"There are three types of baseball players: those who make it happen, those who watch it happen, and those who wonder what happens." - Tommy Lasorda
The legends in baseball aren't just born; they're made through years of dedication and a love for the game. To be a legend, these players work their tails off day in and day out just for a chance to succeed. They get up early, before everyone else, and craft their game so they can hit more home runs and throw faster pitches. They mesmerize fans by putting on performances that seem humanly impossible and try to never let those fans down, especially when it counts the most. If they do fail, though, they get back up and try harder the next time because failure is never really an option when your goal is to be the best.
But, how much knowledge do you have on these baseball legends? Do you know who played where or what kind of statistics they put up throughout their career? Do you know who won World Series and MVP awards? Here's a quiz where you can put your baseball knowledge to the test. Take it and see if you can name these baseball legends from three simple clues!
Lou Gehrig's career and life was cut short by ALS. The disease took his life at the age of 37.
One of the greatest hitters of all-time, Barry Bonds' career is surrounded in controversy. This stems from his association with the steroid era in baseball.
Willie Mays' career was highlighted by a World Series in 1954. He was elected to the Hall of Fame in 1979.
Babe Ruth was traded from the Red Sox to the Yankees in 1919. This started the "Curse of the Bambino."
Ty Cobb was elected to the Hall of Fame in 1936. At the time, he had the highest percentage of votes to get in.
Hank Aaron was the first player to beat Babe Ruth's home run record. In fact, he was such a great hitter that his nickname was "Hammerin' Hank."
Despite losing part of his career to military service, Ted Williams still racked up incredible stats. However, he never won a World Series.
The Cy Young Award is given each year to the best pitcher in both the AL and the NL. The award was first given 1956.
Mickey Mantle spent his entire career with the Yankees. For his outstanding contributions, his number 7 was retired by the team.
Stan Musial was named an All-Star 24 times during his career. He also won three NL MVP awards.
Pete Rose won three World Series and was named MVP in the 1975 World Series. He had his number 14 retired by the Reds.
Wearing number 42, Jackie Robinson spent his entire career with the Dodgers. His best season was in 1949, when he was the NL batting champion and MVP.
Joe DiMaggio's career was interrupted by World War II. Even with the war, DiMaggio had a successful baseball career, winning nine World Series.
Walter Johnson was one of the first five members in the Hall of Fame in 1936. He was also elected to the All-Century Team in 1999.
Sandy Koufax's career was cut short due to injury. Still, after he retired, he was elected to the Hall of Fame as the youngest ever entry.
Nolan Ryan has the most strikeouts ever in a career. The next closest is nearly 1,000 strikeouts behind him.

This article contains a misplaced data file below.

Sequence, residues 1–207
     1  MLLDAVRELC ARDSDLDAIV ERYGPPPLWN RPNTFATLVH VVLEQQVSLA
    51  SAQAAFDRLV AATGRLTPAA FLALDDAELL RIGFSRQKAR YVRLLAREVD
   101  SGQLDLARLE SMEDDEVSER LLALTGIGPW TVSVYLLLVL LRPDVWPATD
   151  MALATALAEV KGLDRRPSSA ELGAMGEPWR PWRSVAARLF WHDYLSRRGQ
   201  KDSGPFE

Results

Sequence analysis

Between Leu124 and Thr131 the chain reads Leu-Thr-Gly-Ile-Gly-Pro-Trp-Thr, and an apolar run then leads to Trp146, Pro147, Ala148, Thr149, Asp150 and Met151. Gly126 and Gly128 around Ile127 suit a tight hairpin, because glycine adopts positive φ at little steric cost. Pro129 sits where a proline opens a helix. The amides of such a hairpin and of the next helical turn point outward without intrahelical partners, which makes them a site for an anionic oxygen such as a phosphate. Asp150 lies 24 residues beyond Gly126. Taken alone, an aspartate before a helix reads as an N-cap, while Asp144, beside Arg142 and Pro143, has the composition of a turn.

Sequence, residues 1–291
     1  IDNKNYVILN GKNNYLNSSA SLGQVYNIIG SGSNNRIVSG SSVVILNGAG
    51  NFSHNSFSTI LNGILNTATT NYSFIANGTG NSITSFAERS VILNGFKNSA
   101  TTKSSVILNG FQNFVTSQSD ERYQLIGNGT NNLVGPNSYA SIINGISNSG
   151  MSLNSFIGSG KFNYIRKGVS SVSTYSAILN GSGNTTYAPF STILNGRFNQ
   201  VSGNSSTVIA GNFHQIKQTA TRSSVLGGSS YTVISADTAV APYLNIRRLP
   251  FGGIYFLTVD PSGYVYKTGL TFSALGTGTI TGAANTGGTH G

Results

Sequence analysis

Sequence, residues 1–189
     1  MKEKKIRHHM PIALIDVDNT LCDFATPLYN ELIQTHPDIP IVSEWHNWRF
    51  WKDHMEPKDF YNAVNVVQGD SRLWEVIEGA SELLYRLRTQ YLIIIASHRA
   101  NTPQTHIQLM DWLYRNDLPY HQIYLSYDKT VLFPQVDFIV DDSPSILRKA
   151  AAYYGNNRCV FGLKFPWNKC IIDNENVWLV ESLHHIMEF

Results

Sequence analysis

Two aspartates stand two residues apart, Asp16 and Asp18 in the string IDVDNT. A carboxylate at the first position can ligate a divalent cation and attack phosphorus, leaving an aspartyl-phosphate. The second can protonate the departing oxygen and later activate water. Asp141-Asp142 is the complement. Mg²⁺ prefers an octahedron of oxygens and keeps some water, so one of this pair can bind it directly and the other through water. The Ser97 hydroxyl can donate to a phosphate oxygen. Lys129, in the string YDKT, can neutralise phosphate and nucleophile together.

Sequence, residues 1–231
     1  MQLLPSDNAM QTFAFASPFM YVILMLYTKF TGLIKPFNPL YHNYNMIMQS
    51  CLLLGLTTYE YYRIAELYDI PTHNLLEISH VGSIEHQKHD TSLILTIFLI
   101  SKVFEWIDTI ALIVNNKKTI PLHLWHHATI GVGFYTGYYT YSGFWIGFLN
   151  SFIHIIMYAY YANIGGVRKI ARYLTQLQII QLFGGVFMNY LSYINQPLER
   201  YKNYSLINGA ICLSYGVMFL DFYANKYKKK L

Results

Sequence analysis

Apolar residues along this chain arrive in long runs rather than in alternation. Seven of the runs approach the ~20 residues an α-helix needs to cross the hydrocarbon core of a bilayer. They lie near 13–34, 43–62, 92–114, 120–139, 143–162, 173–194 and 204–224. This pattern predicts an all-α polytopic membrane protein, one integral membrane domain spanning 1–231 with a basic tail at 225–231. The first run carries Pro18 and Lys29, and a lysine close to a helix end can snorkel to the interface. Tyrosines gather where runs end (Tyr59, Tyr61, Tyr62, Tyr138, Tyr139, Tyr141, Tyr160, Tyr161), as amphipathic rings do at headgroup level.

Ken Griffey Jr. had a successful career that landed him in the Hall of Fame. Even with all his success, though, he never won a World Series.
Undoubtedly, Roger Clemens was one of the greatest pitchers of all-time. However, his career is surrounded in controversy because of his association with steroids late in his career.
Deter Jeter is regarded as one of the greatest leaders in baseball history. During his time with the Yankees, he was part of five World Series titles.
Roberto Clemente was as important a figure off the field as he was on the field. He died trying to deliver food and other supplies to Nicaragua after an earthquake hit.
Between coaching and playing, Yogi Berra won 13 World Series in all. His 10 as a player is the most all-time.
Rickey Henderson was one of the greatest all-around players to ever take the field. His number 24 was retired by the Oakland Athletics.
Bob Gibson played for the Harlem Globetrotters before joining the Cardinals full time. Luckily, his decision to leave basketball worked out for him.
Mike Schmidt is regarded as one of the greatest defensive players ever. He earned 10 Gold Glove Awards throughout his career.
Greg Maddux has the most Golden Glove Awards of any player ever. He was inducted into the Hall of Fame in 2014.
Cal Ripken Jr. was an example of consistency. Aside from his amazing stats, he holds the record for most consecutive games played.
The New York Mets only have two World Series titles. Tom Seaver was one of the most dominant players on their 1969 championship.
During the 1970s, the Reds were known as the Big Red Machine. During that time, the team won four NL pennants and two World Series.
Tris Speaker was inducted into the MLB Hall of Fame in 1937. He's also part of the Boston Red Sox Hall of Fame and Cleveland Indians Hall of Fame.
Randy Johnson was one of the greatest pitchers to ever play the game. One of his greatest achievements was a perfect game in 2004.
Left-handed pitchers are quite valuable in baseball. Many batters have trouble hitting off of them.
Eddie Collins was one of the greatest champions of his era. Over the span of his career, he won six World Series with two different teams.
The 1919 Chicago White Sox consisted of a group of players who decided to throw the World Series. All of the players involved were permanently suspended, including Joe Jackson, who many thought wasn't part of the scandal.
Tony Gwynn's career with the Padres was so successful that he received the nickname "Mr. Padre." After his career, the team retired his number 19 and elected him to their Hall of Fame.
Aside from Babe Ruth, Jimmie Foxx was probably the greatest home run hitter during his time. He was only the second player to hit over 500 home runs in a career, behind Ruth.